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WORKING IN DENMARK

How can you get a work permit in Denmark if you are not an EU national?

If you want to work in Denmark as a non EU citizen, you must apply for a residence and work permit and then get extensions to this, if you want to work in Denmark longer-term. Here's a guide to what you need to know.

people in copenhagen
There are several routes through which you can apply for a work permit in Denmark if you have a job offer or have in-demand qualifications. Photo by Febiyan on Unsplash

The rules regarding residence and work in Denmark are administered by the Danish Immigration Service and The Danish Agency for International Recruitment and Integration (SIRI) under the Ministry of Immigration and Integration.

As an EU citizen, you can freely enter Denmark and begin to work upon arrival without needing a permit to work. The case is different for those who are not EU citizens.

There are various ways to get a work permit, depending on your profession. A list of different types of work sectors and requirements needed, can be found on the website nyidanmark.dk.

These include Fast-track scheme, Pay limit scheme, Positive lists, Researcher, Employed PHD, Guest researcher, Special individual qualifications, Herdsmen and farm managers, Establishment card, Start-up Denmark, Trainee, Certification, ESS Scheme, Authorisation, Labour Market Attachment, Drill rigs and other mobile workplaces, Volunteer, Sideline employment, Employment for adaptation and training purposes, Work permit for accompanying family members.

The Pay Limit Scheme is currently being debated in Parliament by the Danish government due to the country’s labour shortage and the need to attract more international workers. 

At the moment, you can get a work permit on the pay limit scheme if your salary is at least 448,000 kroner a year. You don’t need a specific educational background or a job within a specific professional field. If you have requested asylum in Denmark and have been offered a job with a high salary, you can also apply based on this scheme. 

The government has proposed that the annual salary requirement be lowered to 375,000 kroner over a two-year period, to allow more international workers into Denmark on the scheme.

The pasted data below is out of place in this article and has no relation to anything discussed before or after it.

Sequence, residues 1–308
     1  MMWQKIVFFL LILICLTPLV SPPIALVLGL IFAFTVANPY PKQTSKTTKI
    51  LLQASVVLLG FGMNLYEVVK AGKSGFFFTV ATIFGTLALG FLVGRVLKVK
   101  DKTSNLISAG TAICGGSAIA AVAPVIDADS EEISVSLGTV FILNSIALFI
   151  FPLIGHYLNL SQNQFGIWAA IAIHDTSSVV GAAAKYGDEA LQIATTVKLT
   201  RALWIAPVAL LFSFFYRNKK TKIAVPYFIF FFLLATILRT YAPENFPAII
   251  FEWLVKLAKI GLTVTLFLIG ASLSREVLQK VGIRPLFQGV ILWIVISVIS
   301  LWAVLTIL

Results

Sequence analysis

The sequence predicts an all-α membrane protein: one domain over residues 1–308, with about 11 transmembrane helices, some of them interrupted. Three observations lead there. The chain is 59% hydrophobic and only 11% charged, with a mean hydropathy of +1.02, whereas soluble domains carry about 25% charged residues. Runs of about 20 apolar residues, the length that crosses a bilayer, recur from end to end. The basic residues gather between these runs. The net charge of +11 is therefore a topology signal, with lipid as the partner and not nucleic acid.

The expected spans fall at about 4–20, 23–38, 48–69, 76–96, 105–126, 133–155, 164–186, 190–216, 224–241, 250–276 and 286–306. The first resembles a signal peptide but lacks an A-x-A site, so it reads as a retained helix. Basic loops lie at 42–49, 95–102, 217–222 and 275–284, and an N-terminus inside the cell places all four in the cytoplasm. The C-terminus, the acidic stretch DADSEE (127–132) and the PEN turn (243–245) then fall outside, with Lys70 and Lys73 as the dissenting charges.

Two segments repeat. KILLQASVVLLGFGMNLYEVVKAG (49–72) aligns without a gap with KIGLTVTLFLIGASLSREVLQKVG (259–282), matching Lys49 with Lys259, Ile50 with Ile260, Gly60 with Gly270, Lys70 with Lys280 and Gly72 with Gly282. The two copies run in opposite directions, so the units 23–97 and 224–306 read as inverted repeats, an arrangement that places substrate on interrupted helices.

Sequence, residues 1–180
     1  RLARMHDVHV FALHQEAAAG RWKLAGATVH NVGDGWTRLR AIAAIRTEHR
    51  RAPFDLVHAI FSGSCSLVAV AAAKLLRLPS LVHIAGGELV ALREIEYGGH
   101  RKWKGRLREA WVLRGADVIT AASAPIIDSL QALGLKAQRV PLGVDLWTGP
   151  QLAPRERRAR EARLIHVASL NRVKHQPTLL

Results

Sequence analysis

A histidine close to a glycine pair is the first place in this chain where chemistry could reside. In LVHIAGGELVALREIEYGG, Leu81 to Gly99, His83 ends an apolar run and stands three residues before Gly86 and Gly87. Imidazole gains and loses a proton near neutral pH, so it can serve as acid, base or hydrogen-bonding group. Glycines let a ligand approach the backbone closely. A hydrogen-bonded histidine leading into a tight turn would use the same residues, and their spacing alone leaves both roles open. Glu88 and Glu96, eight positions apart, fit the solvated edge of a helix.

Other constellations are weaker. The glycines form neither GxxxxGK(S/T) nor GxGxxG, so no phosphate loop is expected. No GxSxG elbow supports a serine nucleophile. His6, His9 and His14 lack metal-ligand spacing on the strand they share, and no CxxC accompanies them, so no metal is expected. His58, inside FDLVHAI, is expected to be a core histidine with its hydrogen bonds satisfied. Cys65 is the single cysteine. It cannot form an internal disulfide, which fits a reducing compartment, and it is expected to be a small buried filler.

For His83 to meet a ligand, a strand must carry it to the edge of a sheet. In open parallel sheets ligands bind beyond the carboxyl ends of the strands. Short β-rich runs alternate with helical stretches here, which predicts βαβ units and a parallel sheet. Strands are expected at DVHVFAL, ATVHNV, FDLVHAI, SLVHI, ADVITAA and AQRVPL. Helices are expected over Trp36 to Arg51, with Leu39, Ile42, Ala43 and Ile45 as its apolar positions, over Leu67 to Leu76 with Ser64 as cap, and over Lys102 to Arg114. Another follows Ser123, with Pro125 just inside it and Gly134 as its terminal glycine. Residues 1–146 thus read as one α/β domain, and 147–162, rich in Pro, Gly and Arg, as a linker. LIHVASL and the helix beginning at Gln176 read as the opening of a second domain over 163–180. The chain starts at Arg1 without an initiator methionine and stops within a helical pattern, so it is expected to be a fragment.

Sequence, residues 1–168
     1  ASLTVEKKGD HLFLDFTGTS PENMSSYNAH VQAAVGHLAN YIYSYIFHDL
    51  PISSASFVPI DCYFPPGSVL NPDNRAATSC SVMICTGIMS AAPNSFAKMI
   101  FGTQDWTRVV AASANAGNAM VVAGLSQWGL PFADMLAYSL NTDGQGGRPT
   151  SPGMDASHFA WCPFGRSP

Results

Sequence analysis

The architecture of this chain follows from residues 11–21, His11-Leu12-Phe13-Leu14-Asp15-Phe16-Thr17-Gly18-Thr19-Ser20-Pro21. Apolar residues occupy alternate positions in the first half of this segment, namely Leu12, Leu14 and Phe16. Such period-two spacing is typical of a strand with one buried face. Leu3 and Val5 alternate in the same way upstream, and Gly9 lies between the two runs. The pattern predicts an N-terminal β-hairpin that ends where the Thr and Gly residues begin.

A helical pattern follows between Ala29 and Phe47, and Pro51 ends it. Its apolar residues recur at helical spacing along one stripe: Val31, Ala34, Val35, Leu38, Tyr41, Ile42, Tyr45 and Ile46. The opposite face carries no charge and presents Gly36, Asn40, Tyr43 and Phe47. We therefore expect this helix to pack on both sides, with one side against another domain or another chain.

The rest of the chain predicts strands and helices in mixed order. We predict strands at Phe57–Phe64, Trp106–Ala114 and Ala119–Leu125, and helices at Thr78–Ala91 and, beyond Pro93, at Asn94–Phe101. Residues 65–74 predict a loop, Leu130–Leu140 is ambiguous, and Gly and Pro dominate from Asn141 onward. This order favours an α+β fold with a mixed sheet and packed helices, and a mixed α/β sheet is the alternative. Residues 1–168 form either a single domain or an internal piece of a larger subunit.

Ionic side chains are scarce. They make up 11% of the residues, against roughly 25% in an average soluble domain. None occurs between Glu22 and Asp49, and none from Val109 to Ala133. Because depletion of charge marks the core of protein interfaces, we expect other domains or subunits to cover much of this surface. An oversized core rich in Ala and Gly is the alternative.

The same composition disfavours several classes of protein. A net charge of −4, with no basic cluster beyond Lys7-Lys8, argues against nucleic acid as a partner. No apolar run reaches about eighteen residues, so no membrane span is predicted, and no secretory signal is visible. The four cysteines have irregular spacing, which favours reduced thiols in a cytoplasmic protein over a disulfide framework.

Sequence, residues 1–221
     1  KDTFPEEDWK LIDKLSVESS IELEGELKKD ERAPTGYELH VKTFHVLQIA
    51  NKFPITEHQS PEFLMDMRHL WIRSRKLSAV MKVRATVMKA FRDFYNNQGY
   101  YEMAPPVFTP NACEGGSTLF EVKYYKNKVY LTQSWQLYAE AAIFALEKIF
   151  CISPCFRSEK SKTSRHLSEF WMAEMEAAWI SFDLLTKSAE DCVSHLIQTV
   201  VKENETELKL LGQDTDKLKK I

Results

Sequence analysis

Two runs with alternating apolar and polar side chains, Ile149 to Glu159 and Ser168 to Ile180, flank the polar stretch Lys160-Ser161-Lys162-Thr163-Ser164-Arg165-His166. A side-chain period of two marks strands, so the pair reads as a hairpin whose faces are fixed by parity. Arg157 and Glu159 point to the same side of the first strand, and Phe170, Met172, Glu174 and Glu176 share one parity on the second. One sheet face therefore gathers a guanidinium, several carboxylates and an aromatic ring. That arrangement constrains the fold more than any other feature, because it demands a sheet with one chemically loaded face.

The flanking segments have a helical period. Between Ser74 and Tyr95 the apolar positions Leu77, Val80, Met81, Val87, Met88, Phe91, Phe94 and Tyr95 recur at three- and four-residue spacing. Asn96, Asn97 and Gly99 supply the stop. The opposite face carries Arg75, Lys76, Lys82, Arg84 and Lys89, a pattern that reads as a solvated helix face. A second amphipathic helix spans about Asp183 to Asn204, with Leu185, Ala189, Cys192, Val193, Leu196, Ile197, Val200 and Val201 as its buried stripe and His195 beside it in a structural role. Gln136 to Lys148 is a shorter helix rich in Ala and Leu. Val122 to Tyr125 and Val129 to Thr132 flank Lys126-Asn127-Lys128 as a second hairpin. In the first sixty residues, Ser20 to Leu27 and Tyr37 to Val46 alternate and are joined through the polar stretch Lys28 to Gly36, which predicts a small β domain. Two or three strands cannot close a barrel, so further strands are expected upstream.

However, four conservative parties – the Conservatives, Liberal Alliance, Liberals and Nye Borgerlige (New Right), would like the annual salary permanently reduced to 360,000 kroner but do not want the scheme to include nationals of Muslim countries in North Africa and the Middle East.

READ ALSO: Danish conservative parties want to exclude Muslim countries in foreign labour rules

The Fast-Track Scheme makes it faster and easier for certified companies to recruit foreign employees with special qualifications to work in Denmark. This means that as a highly qualified employee, you can have a quick and flexible job start in the certified company.  The scheme allows you to alternate between working in Denmark and working abroad.

The four conservative parties also want the fast-track scheme to be expanded, so that companies with five employees can make use of the scheme. At the moment the requirement is that companies must have 20 employees to be able to use the scheme.

The Positive List, for people with a higher education and for skilled work, is a list of professions experiencing a shortage of qualified professionals in Denmark.

If you have been offered a job included in the Positive List, you can apply for a Danish residence and work permit based on this scheme.

The Positive List for people with a higher education and for skilled work is updated twice a year on 1st January and 1st July. Here is the latest updated list.

For requirement details of other work sectors, you can find more at nyidanmark.dk as mentioned above.

What about partners and family members?

A residence and work permit based on a job in Denmark allows your family to come with you to Denmark. 

A permit can be granted to your spouse, registered or cohabiting partner as well as children under the age of 18 living at home.

Holding a residence permit as an accompanying family member to an employee in general allows you the right to work in Denmark. Therefore, you do not need to apply for a separate work permit if you get a job. You are also allowed to run your own business and sign up to a programme in an educational institution.

However, you must apply for a work permit if you want to work for the same company as your partner (who is referred to as sponsor), or if you want to work for a company closely linked to your partner’s company.

How long will my permit last?